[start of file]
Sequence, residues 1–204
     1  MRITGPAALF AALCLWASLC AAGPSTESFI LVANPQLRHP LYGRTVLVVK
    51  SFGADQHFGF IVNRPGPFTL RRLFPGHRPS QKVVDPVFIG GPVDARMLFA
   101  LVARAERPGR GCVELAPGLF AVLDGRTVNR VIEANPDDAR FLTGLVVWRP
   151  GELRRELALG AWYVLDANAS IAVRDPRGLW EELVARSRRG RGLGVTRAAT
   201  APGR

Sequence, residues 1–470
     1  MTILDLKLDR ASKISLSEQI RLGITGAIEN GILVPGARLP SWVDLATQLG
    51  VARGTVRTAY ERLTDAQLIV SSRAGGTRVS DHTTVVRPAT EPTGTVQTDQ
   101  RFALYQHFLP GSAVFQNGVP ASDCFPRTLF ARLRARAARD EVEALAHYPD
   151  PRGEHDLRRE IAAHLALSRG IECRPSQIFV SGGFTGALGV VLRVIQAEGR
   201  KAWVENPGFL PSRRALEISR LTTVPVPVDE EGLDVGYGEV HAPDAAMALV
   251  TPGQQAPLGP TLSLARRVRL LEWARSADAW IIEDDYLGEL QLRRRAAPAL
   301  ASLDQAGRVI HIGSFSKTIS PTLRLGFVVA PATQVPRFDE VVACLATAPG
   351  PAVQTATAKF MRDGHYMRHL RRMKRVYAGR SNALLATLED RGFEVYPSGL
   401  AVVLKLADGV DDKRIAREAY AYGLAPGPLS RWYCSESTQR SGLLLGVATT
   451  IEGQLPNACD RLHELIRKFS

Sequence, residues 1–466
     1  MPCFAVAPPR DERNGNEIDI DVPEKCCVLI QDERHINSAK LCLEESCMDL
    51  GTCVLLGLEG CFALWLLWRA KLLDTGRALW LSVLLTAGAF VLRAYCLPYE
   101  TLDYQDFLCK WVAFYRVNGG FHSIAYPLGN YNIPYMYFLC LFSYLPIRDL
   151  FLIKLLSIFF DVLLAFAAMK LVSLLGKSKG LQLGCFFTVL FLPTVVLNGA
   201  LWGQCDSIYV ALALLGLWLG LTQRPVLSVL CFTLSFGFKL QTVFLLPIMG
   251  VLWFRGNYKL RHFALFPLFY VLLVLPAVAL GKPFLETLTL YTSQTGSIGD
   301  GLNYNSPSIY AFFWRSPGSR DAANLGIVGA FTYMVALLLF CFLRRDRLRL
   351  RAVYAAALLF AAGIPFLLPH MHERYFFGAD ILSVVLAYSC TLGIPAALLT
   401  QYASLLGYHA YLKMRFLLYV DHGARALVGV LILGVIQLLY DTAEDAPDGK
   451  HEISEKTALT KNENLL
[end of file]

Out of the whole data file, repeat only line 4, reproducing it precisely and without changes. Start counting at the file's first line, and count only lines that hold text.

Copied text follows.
   101  LVARAERPGR GCVELAPGLF AVLDGRTVNR VIEANPDDAR FLTGLVVWRP